RICHMOND, Va. -- After months of heartache, Carrie Alspaugh is finding some comfort.
She remembers the February night when a badly burned pitbull, affectionately named Tommie by his rescuers, came into the Cary Street Veterinarian hospital where she worked as a vet tech.
"It was hard, I was there when he passed away," Alspaugh said. "Even in the years I've been doing this it's one of the hardest cases we've ever had."
Monday afternoon, Alspaugh learned that 20-year-old Jyahshua A. Hill of Richmond had been arrested for a crime that sparked outrage, not only in Richmond but around the world.
On February 10th, Richmond Police say Tommie had been taken to Abner Clay Park, tied to a chain link fence, doused with a flammable liquid and set on fire.
While he sustained burns over 40 percent of his body, there was hope. Veterinarians, doctors and nurses offered around the clock care and donations poured in from everywhere.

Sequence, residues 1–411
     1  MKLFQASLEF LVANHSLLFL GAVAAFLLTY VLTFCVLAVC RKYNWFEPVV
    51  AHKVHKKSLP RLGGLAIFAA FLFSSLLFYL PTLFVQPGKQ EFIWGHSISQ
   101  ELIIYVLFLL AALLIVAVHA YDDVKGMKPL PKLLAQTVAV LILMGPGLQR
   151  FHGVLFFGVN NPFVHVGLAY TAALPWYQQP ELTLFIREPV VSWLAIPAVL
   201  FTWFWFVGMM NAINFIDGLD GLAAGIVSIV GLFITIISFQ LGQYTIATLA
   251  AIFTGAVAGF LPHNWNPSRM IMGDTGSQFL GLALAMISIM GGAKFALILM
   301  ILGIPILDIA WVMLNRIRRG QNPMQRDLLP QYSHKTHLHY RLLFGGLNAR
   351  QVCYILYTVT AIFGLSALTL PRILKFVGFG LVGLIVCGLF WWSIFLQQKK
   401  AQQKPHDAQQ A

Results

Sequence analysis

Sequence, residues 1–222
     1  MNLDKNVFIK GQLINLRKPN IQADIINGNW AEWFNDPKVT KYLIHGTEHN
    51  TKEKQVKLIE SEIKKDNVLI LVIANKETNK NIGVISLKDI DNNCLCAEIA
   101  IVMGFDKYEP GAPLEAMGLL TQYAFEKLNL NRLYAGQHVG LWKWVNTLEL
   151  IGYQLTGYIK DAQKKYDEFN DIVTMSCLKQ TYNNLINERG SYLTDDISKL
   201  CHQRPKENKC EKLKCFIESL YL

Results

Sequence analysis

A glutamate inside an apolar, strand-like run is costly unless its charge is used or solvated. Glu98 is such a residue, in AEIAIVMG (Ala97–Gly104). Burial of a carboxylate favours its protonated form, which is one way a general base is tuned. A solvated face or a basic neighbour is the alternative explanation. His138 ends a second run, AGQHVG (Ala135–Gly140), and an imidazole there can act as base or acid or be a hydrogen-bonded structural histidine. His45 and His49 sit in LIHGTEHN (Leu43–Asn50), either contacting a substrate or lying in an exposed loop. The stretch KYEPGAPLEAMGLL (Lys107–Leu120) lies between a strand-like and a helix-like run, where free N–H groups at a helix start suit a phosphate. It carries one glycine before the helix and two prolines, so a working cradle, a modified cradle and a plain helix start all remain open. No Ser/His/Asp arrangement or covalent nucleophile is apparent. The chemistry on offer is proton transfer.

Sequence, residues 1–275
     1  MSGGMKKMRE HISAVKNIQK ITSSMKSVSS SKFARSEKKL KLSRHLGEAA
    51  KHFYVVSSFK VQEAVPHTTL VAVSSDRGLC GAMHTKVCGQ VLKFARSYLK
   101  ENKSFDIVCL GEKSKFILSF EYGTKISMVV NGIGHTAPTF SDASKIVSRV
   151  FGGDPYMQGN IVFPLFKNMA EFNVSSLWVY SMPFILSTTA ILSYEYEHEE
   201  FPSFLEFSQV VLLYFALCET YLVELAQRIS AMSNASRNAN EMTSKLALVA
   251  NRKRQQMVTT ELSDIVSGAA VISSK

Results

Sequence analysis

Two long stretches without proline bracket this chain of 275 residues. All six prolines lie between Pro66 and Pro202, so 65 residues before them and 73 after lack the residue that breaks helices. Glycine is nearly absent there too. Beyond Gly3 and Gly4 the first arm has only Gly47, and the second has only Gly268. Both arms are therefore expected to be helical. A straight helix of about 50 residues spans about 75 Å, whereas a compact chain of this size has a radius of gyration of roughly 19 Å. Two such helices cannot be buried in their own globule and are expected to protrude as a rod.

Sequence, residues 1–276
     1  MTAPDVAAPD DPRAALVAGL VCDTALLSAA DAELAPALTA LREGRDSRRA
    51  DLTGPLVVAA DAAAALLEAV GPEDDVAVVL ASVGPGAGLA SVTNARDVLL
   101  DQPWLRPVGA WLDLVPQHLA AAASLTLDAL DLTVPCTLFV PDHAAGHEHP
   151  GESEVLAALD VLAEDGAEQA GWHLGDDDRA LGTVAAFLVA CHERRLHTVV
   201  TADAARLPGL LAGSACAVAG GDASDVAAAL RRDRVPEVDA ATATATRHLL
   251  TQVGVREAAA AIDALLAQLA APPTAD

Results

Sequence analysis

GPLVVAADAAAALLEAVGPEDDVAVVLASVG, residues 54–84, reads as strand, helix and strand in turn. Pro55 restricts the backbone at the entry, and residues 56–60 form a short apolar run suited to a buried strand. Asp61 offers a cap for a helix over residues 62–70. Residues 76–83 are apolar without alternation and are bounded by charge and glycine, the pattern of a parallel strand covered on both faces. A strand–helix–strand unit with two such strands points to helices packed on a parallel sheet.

"I mean we'd never had a case that hit so many people. I think it was such an evil act that we've never seen before so it garnered this collective group of people who've stayed the course with us," Christie Chipps Peters with Richmond Animal Care and Control said.
While all the love and support wasn't enough to save Tommie's life, it led to change.
Tommie's Law, passed just weeks after his death, makes animal cruelty a felony charge in Virginia.
It also rallied a community to seek justice.
"Justice has prevailed you know, that's some good that comes of this," supporter Gary Small said.
"When he first got there and we were starting treatments with him, we would play music and get him settled and he would sleep and we'd play little songs for him where he looked peaceful," Alspaugh said. "I think we all thought he was going to make it and maybe we wanted him to have the life he deserved."